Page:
Wednesday, June 14, 2006

[DL] - Directors Lounge news

A few dates and screenings with Directors Lounge :

During the summer, Directors
Lounge (Berlin)
presents: a summer evening with ...
a series of special screenings every Thursday
in cooperation with
zapplive and Z Bar

Emotional exiles from the Land of Opportunity,
experimental filmmakers Ben Russell and Jonathan Schwartz come to Europe


Monday, June 12, 2006

Notes on some Asian films

A bit late at the moment with my postings...
(very short...)

Japanese films

- First I've recently seen in one of the finest theatres in Paris during my short journey over there, Twilight Samurai by Yoji Yamada, 2002 (finally saw it!) which I appreciated especially for the screening itself (great sound, great view, big screen...). I actually liked the simplicity of the film, the pace is rather slow and quiet, the performances are subtle and precised, it even seemed that each movement, each gesture were carefully thought and executed.

- Black Angel, by Takashi Ishii (vol.1, 1997), which was a bit disappointing and all over the place. A dark thriller/action with some beautiful, yet, dangerous women/hitwomen.

- The City of Lost Souls by Takashi Miike (2000). I didn't even know that Michelle Reis played in one of his films. It's a typical Miike film (a violent gangster film), I liked it, mainly because the mix of ethnicities : a Brazilian/Chinese couple as heros, Chinese mafia, Japanese yakusa... Quite of a good fun, and entertaining too, I liked a fast pace & the silliness, it reminded me of a cartoon. I tried to watch Izo, but I didn't get into that much. I even stopped half way through it, it actually tired me.

- Scrap Heaven (2006) by Lee Sang-il, the director who made 69, (with Jo Odagiri and Chiaki Kuriyama). The film left me rather mixed (too teen for me, which was already the case for 69, however 69 was even more teenage film). It reminded me somehow of Fight Club, but in "softer version".

- Moe no suzaku by Naomi Kawase (1997). I think it's my 4th film by this underseen director. There aren't many Japanese woman directors, in fact I think it's the only one I know.
Anyway, I liked it a lot. The film is done in very natural and intimate manner with a documentary approach (Naomi Kawase directs also documentaries), the film mainly explores the same theme than in her other films, the family relationship. She is a very interesting director.

Desert Moon (2001) by Shinji Aoyama. I must say that the film is a bit disappointing. This is not like Eureka, I even prefered A Forest with No Name than Desert Moon.
The film lasts a little bit over 2 hours and I found it too long whereas I didn't feel that way for Eureka which lasts over 3 hours!!!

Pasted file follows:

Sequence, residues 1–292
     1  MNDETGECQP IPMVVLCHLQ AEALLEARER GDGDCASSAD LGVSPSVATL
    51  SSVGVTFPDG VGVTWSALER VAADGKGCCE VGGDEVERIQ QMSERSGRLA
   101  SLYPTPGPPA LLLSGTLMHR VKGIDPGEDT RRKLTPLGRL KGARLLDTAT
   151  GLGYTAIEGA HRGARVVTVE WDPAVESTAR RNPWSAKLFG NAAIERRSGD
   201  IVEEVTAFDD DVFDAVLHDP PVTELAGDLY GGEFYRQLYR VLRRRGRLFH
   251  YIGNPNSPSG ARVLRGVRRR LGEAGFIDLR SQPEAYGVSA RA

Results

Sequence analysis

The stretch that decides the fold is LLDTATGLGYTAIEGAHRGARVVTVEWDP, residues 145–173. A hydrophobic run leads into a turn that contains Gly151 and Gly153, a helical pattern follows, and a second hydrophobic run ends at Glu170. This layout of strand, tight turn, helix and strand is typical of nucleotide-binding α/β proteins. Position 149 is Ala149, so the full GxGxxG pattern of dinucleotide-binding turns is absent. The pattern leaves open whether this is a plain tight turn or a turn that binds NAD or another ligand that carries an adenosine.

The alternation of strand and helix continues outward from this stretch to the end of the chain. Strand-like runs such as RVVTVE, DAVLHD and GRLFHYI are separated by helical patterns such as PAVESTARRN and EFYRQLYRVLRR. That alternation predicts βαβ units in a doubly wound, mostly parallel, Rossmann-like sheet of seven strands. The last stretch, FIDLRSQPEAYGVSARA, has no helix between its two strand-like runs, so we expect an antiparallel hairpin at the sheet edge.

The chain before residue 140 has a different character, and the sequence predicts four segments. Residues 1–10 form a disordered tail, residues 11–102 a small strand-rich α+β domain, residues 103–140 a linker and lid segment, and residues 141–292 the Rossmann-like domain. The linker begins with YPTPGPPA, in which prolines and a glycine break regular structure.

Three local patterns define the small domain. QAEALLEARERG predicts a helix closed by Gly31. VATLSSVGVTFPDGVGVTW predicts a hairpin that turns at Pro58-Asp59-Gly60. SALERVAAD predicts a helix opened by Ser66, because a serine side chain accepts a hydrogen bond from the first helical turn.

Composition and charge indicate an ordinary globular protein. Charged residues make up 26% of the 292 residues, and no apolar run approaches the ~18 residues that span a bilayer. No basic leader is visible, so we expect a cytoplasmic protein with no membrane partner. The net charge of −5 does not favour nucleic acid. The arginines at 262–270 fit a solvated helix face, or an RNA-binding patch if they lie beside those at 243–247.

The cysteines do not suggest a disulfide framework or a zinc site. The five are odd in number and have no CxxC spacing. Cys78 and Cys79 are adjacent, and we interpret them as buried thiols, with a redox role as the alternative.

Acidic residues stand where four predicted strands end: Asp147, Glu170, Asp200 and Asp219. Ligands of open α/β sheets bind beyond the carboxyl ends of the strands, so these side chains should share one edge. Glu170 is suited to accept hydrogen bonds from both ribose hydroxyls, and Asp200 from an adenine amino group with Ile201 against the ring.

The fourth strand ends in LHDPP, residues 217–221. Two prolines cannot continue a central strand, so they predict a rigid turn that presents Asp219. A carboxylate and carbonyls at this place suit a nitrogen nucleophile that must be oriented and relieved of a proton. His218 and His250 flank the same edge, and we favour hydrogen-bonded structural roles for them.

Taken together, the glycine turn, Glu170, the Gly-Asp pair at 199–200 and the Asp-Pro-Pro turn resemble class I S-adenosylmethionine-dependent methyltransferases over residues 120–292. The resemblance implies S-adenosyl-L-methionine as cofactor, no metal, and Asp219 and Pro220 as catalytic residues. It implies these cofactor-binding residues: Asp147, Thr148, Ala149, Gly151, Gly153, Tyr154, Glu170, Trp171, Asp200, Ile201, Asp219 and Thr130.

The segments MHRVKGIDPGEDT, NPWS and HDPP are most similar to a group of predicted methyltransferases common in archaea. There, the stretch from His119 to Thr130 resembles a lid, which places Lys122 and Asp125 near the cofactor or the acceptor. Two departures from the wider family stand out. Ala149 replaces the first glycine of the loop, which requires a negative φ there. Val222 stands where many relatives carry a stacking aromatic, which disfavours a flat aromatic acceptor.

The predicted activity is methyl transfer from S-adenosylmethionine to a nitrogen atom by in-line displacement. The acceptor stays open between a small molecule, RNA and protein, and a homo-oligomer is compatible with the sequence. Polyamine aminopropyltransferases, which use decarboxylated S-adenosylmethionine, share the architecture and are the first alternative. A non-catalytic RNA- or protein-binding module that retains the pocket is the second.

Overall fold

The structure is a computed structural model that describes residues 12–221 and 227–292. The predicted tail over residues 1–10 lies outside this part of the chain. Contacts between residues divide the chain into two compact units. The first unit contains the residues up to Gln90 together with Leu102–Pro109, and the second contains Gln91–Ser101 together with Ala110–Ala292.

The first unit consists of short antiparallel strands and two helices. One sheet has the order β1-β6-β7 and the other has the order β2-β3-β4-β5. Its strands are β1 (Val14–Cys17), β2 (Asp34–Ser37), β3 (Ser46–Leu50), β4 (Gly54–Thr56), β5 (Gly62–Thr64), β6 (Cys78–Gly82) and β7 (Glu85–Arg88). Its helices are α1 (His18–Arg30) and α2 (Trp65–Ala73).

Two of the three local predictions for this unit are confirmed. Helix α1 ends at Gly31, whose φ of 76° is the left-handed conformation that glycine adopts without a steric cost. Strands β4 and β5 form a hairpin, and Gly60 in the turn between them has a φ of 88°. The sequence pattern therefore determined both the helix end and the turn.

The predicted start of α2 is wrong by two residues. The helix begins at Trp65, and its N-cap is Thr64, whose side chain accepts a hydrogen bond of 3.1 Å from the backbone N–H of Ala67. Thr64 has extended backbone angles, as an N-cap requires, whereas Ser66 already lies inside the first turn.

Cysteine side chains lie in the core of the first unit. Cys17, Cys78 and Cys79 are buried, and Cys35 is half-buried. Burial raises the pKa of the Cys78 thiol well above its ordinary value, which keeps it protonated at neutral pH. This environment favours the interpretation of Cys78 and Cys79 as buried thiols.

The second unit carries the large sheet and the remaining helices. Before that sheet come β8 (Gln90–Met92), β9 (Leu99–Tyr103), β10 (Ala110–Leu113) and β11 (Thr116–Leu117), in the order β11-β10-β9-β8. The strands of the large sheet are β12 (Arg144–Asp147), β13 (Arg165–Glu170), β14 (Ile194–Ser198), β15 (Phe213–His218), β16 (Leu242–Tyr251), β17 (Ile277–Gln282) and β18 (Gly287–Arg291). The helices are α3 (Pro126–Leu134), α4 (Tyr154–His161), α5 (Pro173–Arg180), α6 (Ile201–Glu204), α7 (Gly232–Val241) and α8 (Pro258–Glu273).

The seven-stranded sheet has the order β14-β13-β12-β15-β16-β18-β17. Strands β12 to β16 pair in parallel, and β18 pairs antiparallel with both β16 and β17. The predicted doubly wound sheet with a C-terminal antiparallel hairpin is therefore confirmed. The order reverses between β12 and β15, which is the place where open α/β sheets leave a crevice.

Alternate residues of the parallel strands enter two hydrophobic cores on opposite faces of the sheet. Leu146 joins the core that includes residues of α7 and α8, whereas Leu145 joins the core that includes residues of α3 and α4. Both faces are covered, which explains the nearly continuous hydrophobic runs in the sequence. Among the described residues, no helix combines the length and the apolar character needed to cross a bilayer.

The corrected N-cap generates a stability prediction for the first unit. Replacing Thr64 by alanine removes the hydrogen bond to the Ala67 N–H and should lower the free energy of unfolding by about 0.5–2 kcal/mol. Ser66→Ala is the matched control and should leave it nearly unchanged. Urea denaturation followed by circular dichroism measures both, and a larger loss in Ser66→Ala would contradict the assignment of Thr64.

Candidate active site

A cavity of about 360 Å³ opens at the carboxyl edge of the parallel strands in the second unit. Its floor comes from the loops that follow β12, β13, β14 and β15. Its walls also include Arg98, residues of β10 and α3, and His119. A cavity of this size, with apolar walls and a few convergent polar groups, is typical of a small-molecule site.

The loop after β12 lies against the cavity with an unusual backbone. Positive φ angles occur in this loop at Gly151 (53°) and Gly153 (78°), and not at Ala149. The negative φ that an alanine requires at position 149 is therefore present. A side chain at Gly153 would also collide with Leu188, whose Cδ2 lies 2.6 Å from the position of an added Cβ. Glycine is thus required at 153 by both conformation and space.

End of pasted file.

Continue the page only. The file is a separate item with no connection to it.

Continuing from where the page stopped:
Desert Moon focuses on a family relationship and the family unit in crisis, a theme that is easily well explored in many Japanese films. But the end went quite wrong and too conventional to me and I disagree with it (I won't spoil it). There are some good uses of sound at some parts and like for The Forest with No Name, I found the film a bit in the same vein than those of Kyoshi Kurosawa.

HK films
- Shanghai Grand by Poon Man Kit (1996) with Leslie Cheung & Andy Lau which was ok, I can always watch HK movies even if they're average, this one is gangster film set in the 30s. The film is a Tsui Hark production with a John Woo kind of style.
- Mongkok Story by Wilson Yip (1996), a triad movie, okay, quite funny (a special kind of humour) a bit messy or too long, worth watching for at least Anthony Wong who is great in there.

Korean film
King and the Clown by Lee Jun-ik (2005) which was the best selling film of 2005 nationwide in South Korea. The film, set in the 15th century, was fine & entertaining, well-acted, nice set and costumes, and shares some common matters with Farewell my Concubine but in a more comedy.


Monday, June 05, 2006

[non-Asian] - Slow Space

Slow Space
a film and art project by fellow curator at the Directors Lounge, Klaus W. Eisenlohr, will be shown in premiere at Kino Arsenal/ Friends of German Kinemathek
june 7th 9pm

Filmed entirely within the urban constructed environment that makes up the contemporary North American city of Chicago, Slow Space is a visually arresting investigation into how space is described, defined and ultimately experienced. Berlin filmmaker Klaus W. Eisenlohr commutes this relationship with the outside 'world' via an array of constructed transparencies in the glass domes and atriums that formed so much of architecture's modernist preoccupation for a constructed inside/outside dialectic. Descriptions and ultimately opinions on the status of public space in Chicago form part of the film's identity via a series of interviews conducted from the participant's private domains. Looking out and sealed behind the glass of their window panes a number of Chicagoans talk about their own experiences on the private/public borders of contemporary urbanity.
Slow Space is a film of many photographs if one considers it's over 3000 edits. Each frame in this 67 minute film it seems has been invested with a quality of aesthetic authorship normally attributed to the production of single images. Employing a staggering depth of compositional artistry Klaus W. Eisenlohr has enabled a joint optic relationship to come into view between maker and film spectator returning the film experience to an almost first time phenomenological encounter. I am, after seeing the film, reminded of my capacity to see, absorb and recognize spaces as images and spaces imagined simultaneously, i.e. to be totally stimulated with my senses activated to the fields of vision being presented. Seeing this film, it becomes apparent how visually stimulating the film experience can be.
Ben Anderson


Slow Space 72' 16mm
a film and art project by Klaus W. Eisenlohr
Premiere at Kino Arsenal/ Friends of German Kinemathek
june 7th 9pm
Arsenal Kino, Potsdamer Stra├če 2, 10785 Berlin, U / S Potsdamer Platz